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Reeves: Poinsettia care after Christmas

Jan. 7, 2018 at 12:34 a.m.

Poinsettias prefer bright, filtered light. They won't last as long if conditions are dark.

The bright, crimson red holiday ornamental plant staple — the poinsettia — has a few needs to help it thrive throughout the holidays, according to Brent Pemberton, Texas A&M AgriLife Research ornamental horticulturist from Overton.

"Poinsettia care for the holidays is pretty straightforward," he said. "When people pick them up, they're ready for display, but there are a few things you want to keep in mind to make sure you get the most out of the plant for your holiday displays."

Pemberton said poinsettias shouldn't be overwatered.

"Water when the soil surface is dry to the touch, and don't let them stand in water," he said. "Soil should be moist and well-drained."

Keep poinsettias out of direct sunlight; they prefer bright filtered light, Pemberton said. They won't last as long if conditions are dark.

He said they also prefer cooler temperatures, 65 degrees to 70 degrees, but if temperatures dip below 60 degrees, plants can sustain chill damage.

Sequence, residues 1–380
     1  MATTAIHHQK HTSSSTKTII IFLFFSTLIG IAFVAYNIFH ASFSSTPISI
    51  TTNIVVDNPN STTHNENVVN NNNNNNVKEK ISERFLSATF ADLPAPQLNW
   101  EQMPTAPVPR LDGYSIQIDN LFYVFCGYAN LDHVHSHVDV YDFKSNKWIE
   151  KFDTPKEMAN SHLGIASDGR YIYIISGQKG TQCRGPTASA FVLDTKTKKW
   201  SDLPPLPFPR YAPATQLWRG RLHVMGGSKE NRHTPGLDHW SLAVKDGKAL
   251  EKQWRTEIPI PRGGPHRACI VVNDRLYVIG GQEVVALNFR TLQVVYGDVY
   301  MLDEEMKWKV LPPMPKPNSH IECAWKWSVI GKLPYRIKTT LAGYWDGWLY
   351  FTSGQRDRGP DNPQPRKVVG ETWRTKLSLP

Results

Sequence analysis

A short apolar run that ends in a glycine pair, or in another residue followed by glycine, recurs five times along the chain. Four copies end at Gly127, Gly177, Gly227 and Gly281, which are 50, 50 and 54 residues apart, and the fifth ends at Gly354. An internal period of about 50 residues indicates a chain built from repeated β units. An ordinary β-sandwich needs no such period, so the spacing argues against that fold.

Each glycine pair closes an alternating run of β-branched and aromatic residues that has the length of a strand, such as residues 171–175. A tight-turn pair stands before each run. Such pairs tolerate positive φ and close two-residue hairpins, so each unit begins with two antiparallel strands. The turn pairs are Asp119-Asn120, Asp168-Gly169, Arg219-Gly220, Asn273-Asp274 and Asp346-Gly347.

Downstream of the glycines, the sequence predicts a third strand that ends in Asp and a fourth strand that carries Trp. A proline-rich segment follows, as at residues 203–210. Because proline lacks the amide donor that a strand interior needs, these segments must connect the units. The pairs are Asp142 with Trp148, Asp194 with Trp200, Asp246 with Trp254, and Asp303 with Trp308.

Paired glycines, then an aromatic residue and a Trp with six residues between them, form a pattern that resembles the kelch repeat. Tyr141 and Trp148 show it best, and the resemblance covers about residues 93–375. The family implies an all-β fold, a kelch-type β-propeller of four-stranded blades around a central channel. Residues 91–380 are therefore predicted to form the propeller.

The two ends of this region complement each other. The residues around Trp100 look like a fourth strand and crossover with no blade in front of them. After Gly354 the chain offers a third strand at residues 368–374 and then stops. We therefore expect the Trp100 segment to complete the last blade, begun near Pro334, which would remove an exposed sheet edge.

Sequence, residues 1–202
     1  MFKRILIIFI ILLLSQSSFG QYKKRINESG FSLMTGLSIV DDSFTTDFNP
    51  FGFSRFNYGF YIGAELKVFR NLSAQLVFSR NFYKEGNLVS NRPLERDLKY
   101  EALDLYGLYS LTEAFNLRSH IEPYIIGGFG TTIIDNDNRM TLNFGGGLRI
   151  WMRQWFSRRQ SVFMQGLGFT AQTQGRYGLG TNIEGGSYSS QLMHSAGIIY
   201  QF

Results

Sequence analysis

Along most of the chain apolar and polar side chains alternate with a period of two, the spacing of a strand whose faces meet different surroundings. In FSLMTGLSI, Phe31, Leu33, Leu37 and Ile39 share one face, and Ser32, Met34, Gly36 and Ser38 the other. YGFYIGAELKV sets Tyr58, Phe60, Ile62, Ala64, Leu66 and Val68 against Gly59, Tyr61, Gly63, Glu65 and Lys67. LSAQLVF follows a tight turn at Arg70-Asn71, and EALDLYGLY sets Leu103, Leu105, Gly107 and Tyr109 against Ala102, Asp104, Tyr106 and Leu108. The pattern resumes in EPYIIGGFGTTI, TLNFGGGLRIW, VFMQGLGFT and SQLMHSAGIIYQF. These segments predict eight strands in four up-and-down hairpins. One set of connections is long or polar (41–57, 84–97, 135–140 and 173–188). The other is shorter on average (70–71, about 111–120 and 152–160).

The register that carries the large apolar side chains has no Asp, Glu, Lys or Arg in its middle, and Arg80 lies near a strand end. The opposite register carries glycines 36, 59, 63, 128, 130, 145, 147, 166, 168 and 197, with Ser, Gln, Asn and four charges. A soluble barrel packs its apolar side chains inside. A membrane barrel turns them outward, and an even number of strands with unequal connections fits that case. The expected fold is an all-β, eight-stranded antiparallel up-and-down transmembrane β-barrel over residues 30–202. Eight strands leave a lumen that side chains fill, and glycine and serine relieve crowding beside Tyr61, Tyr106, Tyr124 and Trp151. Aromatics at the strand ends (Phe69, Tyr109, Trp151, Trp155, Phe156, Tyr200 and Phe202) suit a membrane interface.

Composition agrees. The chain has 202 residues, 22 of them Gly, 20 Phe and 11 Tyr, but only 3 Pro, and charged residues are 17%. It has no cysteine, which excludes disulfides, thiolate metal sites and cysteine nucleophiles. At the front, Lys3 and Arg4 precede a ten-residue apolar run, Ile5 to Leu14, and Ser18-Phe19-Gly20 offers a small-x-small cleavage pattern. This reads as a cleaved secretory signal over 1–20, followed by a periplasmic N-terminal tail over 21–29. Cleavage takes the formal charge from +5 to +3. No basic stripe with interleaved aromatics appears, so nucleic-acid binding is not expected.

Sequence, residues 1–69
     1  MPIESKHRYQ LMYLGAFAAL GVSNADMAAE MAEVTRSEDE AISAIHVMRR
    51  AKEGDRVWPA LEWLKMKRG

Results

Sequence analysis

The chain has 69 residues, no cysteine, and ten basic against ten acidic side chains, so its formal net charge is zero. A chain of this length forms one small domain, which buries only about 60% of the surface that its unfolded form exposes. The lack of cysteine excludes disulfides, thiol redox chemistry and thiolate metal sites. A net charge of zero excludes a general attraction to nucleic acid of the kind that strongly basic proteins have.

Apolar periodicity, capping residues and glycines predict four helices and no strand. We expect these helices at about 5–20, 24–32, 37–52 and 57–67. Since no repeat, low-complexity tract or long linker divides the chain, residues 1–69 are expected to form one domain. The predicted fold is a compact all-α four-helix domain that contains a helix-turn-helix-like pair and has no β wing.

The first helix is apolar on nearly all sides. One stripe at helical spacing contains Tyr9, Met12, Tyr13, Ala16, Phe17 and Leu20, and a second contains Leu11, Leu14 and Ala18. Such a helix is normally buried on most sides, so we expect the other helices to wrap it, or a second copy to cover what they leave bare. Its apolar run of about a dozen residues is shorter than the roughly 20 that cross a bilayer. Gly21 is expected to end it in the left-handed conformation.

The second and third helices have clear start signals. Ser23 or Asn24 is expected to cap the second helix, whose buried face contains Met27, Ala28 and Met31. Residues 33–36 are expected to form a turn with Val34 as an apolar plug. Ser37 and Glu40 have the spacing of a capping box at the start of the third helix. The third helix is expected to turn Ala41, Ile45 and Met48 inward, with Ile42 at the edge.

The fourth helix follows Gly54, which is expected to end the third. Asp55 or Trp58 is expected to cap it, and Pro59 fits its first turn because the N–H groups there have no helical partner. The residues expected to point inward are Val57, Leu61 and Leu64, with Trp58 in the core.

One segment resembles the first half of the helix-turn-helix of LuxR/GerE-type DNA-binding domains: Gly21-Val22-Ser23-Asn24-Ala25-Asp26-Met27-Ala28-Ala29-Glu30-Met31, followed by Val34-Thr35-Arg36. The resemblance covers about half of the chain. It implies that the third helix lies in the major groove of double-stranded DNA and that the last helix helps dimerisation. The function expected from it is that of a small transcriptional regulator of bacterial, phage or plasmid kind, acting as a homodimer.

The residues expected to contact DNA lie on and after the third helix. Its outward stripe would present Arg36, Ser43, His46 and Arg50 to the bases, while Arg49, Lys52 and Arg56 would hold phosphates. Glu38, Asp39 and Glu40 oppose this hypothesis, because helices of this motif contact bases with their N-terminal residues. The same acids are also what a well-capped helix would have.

Pemberton said no fertilizer is necessary after the plants bloom.

"They are flowering, so just enjoy them through the season," he said.

Poinsettias are tropical perennial plants, but most people discard them each year. However, he said, if plants are kept, there are steps to take to ensure they flower next holiday season. And plants should be transplanted into a size larger pot.

Pemberton said plants should be cut back after the holidays. The plant's stem should be trimmed just below the flowering portions, including the decorative red bracts, which are modified leaves.

"Cut them back, and they will begin to grow," he said.

Plants should be watered and fertilized as necessary to support regrowth, he said.

"Using liquid fertilizer at recommended rates on the package will be fine," he said.

Plants can be placed outside through the summer but should be placed in a shady area, Pemberton said.

In the fall, plants should be brought inside before temperatures dip below 60 degrees. Around Oct. 1, plants should be in total darkness between sundown and sunrise.

"Any artificial light will cause them to grow vegetatively and not flower," he said. "It's hard to get them to flower again, because any light from a parking lot or indoor lighting can disrupt flowering. But they are perennials and can be enjoyed for many holidays if properly maintained and proper steps are taken to promote flowering."

Oil Belt

The Oil Belt Farm & Ranch Club will have its January program with Yancy Murray, vice president and branch manager with Legacy AG Credit in Gilmer. Yancy will discuss income tax issues relating to farms and ranches, as well as the Schedule F form that many people use when doing income taxes each year.

The program will feature a chili supper before the program. To attend, call the Extension office at (903) 236-8429.

For information, go to

— Randy Reeves is a Texas A&M AgriLife extension agent for Gregg County. Join him on his horticultural blog site with the Longview News-Journal, "Talk Across the Fence" at



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